That’s a good thing, because much of the concept was also used successfully on “Alice in Wonderland.” Unlike “Avatar,” that production did not have a decade or a $300-million dollar budget to get it right. In fact, it had a very tight shooting schedule. Therefore, Tim Burton opted to shoot his actors, who largely interact with an almost totally digital world for the vast majority of the movie, green-screen with Genesis cameras, and then turn the stereoscopic conversion process over to Imageworks. As a consequence, the only way for him to see his characters in their eventual environment was to get a virtual look using a system similar to what was used on “Avatar.”
“On ‘Avatar,’ we also had developed a system we called ‘Simul-Cam’ that applied more to live-action sets in New Zealand,” Stromberg explains. “If we had a live-action set, and then a partial live-action set, and a green screen component, in that green screen area, we could do a real-time dimensional composite by tracking the camera-tracking a virtual environment to a real environment. That was useful for camera work, because Jim and his actors could see what would be there, and the actors could see what would be there.
“So that gave us an idea going into ‘Alice,’ ” he adds. “I knew we would primarily have partial sets and a lot of greenscreen. It seemed to me, this would be the best way to show Tim Burton (during shooting) what would fill those large green screens. So, I essentially took all I learned from ‘Avatar’ and applied it to ‘Alice,’ and once again, I had a virtual art department going for this purpose. We built digital representations of all the sets. The only difference was, in ‘Alice,’ we had real actors interacting with sets, so we also built partial (physical) sets, and for every set, we therefore had the ability for actors to touch things and feel things going through doorways and so on. Then, we had the green sets that were going to be replaced by digital sets. So it was a weird hybrid of some of the things we did on ‘Avatar’ combined with some even newer things.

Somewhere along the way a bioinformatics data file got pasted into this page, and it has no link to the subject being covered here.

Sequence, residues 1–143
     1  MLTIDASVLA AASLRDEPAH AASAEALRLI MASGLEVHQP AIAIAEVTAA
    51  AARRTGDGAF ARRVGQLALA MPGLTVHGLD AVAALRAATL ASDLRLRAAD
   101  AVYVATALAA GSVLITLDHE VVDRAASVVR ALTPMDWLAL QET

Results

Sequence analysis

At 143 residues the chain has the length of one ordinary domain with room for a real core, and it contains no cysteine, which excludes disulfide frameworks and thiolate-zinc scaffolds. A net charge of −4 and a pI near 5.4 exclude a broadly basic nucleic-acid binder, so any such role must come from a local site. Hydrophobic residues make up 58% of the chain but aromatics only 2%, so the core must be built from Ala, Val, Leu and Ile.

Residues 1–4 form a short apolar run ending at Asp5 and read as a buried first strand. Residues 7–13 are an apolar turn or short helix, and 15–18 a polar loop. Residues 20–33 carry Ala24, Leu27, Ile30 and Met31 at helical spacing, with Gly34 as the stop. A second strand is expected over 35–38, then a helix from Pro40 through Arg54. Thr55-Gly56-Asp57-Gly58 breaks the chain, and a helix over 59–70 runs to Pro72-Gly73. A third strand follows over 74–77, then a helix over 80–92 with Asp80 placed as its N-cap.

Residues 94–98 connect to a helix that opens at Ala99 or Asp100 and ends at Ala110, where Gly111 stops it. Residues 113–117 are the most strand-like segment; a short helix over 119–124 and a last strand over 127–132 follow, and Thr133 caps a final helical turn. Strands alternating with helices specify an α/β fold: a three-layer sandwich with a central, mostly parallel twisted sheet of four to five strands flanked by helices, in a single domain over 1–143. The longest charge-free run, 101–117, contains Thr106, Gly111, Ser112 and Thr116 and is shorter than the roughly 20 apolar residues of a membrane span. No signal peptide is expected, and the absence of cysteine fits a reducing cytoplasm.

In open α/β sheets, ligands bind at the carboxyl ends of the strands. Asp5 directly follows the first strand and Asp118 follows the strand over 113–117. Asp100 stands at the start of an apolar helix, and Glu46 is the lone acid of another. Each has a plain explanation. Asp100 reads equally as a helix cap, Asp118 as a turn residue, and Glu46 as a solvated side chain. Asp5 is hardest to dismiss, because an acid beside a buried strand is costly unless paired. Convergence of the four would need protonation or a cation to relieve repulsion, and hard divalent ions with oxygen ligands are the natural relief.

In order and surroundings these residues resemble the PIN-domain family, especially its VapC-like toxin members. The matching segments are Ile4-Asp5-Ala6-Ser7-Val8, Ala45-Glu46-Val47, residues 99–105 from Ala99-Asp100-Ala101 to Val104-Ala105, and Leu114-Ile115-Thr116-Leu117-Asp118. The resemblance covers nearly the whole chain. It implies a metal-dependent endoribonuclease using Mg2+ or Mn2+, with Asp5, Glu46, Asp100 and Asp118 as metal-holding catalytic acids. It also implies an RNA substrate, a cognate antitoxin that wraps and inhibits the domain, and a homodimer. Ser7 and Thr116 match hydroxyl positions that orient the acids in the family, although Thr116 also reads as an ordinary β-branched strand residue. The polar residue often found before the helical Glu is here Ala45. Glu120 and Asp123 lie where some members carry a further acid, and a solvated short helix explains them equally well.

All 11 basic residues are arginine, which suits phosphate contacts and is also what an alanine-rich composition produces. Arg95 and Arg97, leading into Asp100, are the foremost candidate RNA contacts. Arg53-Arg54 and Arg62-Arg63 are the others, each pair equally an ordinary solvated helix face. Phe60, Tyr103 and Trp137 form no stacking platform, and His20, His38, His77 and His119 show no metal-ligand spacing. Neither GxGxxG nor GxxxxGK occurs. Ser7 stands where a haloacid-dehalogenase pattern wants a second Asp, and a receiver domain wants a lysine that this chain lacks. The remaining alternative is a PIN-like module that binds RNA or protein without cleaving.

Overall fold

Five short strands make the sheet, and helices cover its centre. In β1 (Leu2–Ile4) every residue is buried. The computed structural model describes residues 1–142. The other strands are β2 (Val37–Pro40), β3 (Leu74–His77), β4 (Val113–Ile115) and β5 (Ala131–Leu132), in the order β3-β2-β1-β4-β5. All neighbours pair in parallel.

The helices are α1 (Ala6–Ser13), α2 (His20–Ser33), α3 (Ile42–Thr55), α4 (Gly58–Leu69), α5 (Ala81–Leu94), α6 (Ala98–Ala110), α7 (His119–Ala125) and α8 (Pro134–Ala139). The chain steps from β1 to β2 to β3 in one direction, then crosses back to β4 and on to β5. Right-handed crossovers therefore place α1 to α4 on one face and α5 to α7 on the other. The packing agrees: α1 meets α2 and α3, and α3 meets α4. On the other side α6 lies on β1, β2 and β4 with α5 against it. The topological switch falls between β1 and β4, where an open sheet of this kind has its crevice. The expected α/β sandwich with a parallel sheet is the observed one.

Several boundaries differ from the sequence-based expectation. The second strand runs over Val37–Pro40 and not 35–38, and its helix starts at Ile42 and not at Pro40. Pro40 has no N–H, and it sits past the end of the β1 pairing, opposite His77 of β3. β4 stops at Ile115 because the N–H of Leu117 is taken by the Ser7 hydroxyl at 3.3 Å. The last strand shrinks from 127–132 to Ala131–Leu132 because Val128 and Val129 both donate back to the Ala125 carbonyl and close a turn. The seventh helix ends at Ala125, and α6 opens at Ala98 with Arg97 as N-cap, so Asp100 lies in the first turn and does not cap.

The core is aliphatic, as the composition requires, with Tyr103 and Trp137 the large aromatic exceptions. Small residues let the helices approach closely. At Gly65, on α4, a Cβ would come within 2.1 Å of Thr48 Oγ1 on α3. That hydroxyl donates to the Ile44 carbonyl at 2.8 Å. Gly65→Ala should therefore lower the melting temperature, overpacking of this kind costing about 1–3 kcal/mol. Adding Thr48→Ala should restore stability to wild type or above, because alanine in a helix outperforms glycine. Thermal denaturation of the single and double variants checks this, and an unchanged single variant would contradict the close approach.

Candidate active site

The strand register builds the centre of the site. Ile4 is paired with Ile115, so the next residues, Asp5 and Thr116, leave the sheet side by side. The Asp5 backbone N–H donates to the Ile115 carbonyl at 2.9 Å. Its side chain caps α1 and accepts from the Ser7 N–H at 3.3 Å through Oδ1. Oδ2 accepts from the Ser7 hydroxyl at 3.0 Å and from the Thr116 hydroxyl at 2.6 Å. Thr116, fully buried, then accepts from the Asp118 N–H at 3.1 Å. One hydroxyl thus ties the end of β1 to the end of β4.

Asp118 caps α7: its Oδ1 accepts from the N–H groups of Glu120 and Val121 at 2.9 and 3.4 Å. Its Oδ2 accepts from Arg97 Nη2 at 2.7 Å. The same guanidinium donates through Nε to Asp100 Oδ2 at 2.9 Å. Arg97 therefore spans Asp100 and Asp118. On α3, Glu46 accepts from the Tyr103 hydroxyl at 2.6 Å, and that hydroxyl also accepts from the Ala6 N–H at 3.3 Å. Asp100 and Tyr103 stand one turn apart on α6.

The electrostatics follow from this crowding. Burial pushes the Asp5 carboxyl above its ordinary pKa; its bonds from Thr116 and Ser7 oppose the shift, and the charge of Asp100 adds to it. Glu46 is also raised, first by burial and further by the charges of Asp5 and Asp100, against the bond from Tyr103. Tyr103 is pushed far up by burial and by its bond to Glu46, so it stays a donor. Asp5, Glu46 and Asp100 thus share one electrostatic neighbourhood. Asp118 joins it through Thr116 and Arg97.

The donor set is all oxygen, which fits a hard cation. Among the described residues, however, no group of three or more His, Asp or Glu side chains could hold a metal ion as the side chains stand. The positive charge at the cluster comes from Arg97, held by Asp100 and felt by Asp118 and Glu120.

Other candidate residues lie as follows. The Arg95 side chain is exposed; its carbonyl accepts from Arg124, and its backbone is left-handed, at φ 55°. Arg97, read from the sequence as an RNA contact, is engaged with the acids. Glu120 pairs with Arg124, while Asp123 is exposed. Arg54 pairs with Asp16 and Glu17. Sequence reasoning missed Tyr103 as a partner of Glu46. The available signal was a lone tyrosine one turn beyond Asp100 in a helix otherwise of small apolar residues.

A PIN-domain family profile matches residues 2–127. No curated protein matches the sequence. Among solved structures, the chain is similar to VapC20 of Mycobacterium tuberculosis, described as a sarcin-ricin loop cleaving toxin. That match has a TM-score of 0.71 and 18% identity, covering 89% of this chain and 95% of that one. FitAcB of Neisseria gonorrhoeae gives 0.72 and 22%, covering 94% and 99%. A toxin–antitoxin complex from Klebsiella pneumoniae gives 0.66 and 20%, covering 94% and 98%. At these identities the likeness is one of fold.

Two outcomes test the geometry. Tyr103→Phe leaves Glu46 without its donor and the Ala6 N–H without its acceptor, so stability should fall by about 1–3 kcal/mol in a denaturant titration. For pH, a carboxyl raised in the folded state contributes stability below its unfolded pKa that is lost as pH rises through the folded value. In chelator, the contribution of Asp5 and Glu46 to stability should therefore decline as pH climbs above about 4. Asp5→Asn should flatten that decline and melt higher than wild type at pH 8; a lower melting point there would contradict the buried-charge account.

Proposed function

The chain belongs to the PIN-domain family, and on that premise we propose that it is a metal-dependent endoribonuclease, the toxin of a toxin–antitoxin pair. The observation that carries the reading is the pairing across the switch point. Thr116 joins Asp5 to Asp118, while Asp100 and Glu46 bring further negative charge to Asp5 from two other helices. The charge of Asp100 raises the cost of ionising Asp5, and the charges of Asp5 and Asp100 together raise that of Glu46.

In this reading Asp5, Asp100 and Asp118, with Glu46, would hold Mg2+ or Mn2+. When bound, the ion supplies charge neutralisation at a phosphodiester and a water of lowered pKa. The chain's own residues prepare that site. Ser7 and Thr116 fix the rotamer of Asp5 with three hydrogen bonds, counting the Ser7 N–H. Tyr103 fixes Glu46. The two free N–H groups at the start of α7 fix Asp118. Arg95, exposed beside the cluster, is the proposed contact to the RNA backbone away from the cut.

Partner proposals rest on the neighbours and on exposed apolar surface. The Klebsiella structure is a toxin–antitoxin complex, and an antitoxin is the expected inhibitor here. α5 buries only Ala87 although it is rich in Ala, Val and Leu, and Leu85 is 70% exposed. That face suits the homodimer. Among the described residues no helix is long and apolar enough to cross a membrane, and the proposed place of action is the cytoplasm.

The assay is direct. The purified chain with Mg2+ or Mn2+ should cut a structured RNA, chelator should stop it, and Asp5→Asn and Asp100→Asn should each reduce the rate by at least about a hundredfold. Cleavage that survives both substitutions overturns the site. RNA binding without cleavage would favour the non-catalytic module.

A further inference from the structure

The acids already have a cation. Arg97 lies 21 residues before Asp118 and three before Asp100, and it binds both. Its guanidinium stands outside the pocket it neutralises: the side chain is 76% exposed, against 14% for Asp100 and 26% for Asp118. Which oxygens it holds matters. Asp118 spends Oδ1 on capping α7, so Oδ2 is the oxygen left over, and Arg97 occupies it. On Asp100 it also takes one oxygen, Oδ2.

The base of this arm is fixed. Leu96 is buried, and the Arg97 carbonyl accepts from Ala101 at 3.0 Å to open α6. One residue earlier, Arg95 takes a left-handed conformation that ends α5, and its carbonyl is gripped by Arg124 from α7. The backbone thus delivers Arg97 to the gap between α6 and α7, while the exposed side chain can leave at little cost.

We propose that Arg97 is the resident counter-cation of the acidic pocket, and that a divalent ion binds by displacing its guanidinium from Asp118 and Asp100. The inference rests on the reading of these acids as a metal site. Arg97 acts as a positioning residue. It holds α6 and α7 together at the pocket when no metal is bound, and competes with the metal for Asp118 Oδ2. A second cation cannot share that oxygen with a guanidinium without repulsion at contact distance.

“The point was, I approached ‘Alice’ from a design perspective with the idea of getting Tim Burton as much as possible to view on the stage during filming, to help him know where the actors were in this world we had designed at all times. (Virtual sets) were not all we used-we also had some physical and digital artwork from very talented artists, and some traditional models and miniatures for Tim to walk over and examine. But the virtual sets were a major part of it, and between the virtual and the physical, Tim had three different ways to view what would be in the shot later.”
At the end of the day, laboring as production designer on two state-of-the-art digital productions back-to-back in recent years has made Stromberg something of an expert on the issue of designing digital imagery to be seen on the big screen in stereoscopic glory. In closing out our discussion, he offered up some advice on the issue of designing for stereo, and what the 3D paradigm shift might mean for designers. Click below to hear that advice.